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Hundreds of Lee’s Summit students will change schools after new boundaries approved

The Lee’s Summit Board of Education has approved boundary changes for its schools and made recommendations for future improvements.
The Lee’s Summit Board of Education has approved boundary changes for its schools and made recommendations for future improvements.

After a months-long discussion with patrons, the Lee’s Summit Board of Education has approved boundary changes that will take effect next fall, affecting 369 elementary students and 386 secondary students.

The secondary students, who live south of Chipman Road on the western edge of the district, would move into the attendance area for Pleasant Lea Middle School and Lee’s Summit High School. They are now in the area of Lee’s Summit West High School and Summit Lakes Middle School, both of which face overcrowding because of growth in the southwest corner of the district.

The largest number of affected elementary students would move to Trailridge Elementary School. Other elementary schools receiving affected students are Underwood, Summit Pointe and Cedar Creek.

The school board made its unanimous decision on Dec. 13, with an additional stipulation that current eighth-grade students with siblings in 10th or 11th grades can ask to attend high school with those brothers and sisters. Other “grandfathering” provisions allow certain students at certain grade levels to finish in their current schools.

School officials thanked those involved in the planning and community members who weighed in with ideas.

“Our team listened and used that feedback to help us in our decision-making process. There was much goodwill involved and we hope our community feels the good faith effort to move forward in a collaborative manner,” said Phyllis Balagna, Board of Education president.

In approving the recommendation, the board also authorized administrators to undertake more planning in areas such as:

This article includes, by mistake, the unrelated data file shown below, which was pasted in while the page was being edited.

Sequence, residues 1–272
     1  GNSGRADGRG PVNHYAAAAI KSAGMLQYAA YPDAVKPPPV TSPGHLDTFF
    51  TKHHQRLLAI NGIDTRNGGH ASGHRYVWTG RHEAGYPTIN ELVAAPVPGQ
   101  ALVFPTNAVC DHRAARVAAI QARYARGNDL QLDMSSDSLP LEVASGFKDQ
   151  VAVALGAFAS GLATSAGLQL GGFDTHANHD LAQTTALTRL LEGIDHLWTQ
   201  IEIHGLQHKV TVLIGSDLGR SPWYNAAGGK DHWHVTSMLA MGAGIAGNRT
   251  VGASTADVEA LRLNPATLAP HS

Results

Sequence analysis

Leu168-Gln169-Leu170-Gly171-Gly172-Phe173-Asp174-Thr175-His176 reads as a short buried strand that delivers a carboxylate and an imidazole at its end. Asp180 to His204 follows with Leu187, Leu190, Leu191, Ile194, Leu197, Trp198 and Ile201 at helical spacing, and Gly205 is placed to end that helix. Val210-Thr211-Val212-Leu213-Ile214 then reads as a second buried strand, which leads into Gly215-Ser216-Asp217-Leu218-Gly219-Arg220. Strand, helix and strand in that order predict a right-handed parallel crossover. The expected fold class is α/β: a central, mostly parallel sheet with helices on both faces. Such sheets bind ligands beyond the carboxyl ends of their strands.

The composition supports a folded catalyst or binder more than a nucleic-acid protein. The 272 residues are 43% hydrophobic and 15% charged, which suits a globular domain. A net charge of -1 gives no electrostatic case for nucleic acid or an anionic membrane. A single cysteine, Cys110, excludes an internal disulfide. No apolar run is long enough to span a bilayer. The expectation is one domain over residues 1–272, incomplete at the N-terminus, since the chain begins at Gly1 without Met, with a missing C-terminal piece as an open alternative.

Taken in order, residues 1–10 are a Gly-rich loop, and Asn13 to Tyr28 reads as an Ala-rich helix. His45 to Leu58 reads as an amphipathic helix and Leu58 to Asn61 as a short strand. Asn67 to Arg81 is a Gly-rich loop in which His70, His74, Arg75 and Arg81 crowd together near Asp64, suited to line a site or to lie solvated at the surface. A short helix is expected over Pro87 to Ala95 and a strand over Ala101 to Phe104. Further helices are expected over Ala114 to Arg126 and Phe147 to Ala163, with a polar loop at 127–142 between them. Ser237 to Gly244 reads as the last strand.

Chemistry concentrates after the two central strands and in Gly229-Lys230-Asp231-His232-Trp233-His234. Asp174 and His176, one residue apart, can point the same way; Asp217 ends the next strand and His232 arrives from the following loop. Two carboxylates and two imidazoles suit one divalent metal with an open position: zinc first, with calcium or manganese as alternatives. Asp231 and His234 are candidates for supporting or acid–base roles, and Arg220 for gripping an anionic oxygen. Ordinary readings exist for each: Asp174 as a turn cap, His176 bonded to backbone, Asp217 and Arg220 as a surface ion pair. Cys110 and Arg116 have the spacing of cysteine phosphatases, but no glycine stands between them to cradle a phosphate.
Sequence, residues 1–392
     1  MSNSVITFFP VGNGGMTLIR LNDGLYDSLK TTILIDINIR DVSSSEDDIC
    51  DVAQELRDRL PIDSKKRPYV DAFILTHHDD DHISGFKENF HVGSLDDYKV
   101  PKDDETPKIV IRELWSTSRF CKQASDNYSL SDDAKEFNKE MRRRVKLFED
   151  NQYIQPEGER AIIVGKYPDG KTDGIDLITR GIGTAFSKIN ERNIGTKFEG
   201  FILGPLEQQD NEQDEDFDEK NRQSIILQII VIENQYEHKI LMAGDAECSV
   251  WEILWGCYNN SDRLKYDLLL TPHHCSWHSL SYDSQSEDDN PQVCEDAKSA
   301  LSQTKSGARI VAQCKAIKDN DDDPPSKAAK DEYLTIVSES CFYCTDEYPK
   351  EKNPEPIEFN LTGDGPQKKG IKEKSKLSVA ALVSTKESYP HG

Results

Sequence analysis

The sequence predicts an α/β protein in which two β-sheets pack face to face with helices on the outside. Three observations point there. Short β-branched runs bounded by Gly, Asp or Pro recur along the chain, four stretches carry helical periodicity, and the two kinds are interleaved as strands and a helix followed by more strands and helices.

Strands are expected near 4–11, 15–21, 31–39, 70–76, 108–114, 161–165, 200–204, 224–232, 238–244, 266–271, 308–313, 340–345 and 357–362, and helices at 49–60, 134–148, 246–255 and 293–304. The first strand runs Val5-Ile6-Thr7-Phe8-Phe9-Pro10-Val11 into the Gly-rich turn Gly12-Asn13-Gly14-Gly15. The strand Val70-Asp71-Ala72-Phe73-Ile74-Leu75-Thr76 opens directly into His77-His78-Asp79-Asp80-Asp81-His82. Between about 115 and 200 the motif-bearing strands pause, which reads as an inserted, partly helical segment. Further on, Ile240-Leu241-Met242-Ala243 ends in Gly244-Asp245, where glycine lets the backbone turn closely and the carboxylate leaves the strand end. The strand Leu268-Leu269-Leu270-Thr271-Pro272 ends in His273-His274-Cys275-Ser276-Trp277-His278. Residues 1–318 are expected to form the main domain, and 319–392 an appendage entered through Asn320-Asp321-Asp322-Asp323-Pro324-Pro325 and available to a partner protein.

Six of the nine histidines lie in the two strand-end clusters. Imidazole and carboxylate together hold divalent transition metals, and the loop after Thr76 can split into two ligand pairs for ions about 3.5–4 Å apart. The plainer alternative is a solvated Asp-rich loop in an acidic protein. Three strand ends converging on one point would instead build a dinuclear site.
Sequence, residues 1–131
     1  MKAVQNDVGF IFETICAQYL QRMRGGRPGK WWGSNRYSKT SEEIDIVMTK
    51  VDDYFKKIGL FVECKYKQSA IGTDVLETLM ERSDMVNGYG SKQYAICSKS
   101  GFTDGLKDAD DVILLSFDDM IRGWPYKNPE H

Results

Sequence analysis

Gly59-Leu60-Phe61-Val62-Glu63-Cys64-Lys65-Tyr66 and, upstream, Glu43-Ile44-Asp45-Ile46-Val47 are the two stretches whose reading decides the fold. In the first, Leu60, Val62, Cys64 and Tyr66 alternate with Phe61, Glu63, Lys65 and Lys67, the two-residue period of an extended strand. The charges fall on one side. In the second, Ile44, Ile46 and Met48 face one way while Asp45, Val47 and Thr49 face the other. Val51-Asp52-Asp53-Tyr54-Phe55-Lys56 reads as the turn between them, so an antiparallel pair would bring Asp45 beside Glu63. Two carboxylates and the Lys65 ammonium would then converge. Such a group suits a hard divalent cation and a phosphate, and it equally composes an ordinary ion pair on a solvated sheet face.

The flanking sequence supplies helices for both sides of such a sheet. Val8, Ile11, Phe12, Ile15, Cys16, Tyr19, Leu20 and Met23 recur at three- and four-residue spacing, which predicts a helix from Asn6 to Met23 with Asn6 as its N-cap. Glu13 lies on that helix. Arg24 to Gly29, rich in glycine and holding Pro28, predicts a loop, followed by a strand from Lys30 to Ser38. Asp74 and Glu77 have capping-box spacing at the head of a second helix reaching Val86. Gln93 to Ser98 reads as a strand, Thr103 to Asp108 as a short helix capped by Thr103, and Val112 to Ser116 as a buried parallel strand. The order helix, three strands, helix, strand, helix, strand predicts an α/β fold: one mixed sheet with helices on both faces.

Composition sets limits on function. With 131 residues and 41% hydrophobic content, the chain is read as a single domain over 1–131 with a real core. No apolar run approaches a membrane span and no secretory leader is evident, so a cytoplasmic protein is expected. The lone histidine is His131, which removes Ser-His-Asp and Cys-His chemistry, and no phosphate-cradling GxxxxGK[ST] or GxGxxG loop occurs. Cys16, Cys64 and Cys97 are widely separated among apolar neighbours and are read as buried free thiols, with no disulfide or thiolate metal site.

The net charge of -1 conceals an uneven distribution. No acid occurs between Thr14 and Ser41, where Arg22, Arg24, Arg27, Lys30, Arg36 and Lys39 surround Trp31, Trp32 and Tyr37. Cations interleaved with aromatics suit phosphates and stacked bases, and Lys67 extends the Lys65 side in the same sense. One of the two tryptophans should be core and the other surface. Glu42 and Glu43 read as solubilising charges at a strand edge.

▪ Future school construction — along with renovations and additions — in a district that’s expected to grow by 1,620 students in the next decade.

“The 2018 enrollment data ... articulates a clear message; there is a need for new construction within the next one to five years to address capacity issues,” the recommendation stated.

Discussion also has focused on modernizing older buildings so learning opportunities are more equal throughout the district.

Based on those needs, the district says it will likely put a bond issue before voters in 2020.

▪ The best option for sixth-graders.

“The district needs to evaluate the instructional and social/emotional benefits of moving sixth grade into the middle school setting,” the recommendation stated.

The sixth-grade decision will affect construction, too. If sixth-graders stay where they are, the district would need two more elementary schools. Another option is to move the sixth grade out of elementary school and build a fourth middle school.

▪ The potential for expanding career and technical education offerings, including the trades.

▪ Initiatives such year-round schools, theme-based schools and early childhood education, which have “high-yield outcomes for students.”

▪ The best option for the English Learners program, which has grown from 145 to 502 students since 2012. Those students are now sent to three elementary schools, one middle school and one high school.

“This approach ... is becoming unsustainable due to the increased enrollment,” the recommendation stated.

In a recent survey, the district said, 78 percent of English Learner parents favored English education in the child’s home school.

The complete recommendation can be found at www.lsr7.org/cfmp.

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